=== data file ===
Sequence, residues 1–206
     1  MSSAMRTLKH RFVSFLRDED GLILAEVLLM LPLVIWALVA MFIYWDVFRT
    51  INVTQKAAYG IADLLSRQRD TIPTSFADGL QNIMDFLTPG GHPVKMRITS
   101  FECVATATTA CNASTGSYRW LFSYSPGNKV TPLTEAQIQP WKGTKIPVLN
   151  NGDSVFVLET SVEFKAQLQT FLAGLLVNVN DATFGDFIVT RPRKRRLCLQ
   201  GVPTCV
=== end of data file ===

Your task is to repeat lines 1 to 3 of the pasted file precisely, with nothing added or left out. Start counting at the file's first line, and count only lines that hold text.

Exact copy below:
Sequence, residues 1–206
     1  MSSAMRTLKH RFVSFLRDED GLILAEVLLM LPLVIWALVA MFIYWDVFRT
    51  INVTQKAAYG IADLLSRQRD TIPTSFADGL QNIMDFLTPG GHPVKMRITS